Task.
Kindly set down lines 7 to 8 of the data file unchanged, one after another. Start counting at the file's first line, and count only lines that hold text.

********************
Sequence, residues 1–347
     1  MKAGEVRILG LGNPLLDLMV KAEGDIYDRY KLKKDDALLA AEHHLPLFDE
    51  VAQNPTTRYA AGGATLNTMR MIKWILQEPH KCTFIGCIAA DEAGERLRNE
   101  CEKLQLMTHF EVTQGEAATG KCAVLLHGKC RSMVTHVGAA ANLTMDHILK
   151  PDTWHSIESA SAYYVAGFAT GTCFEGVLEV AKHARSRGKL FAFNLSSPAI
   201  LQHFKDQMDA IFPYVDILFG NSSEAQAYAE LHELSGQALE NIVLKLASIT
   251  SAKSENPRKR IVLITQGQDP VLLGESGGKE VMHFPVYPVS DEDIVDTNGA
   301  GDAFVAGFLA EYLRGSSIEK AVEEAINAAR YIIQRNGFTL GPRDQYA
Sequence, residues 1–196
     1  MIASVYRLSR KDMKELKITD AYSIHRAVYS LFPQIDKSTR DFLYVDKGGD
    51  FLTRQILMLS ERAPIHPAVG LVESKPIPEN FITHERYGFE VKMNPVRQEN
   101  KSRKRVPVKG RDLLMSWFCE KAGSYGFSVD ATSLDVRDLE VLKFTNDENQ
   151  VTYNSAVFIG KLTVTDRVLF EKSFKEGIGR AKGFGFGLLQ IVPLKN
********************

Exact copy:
   251  SAKSENPRKR IVLITQGQDP VLLGESGGKE VMHFPVYPVS DEDIVDTNGA
   301  GDAFVAGFLA EYLRGSSIEK AVEEAINAAR YIIQRNGFTL GPRDQYA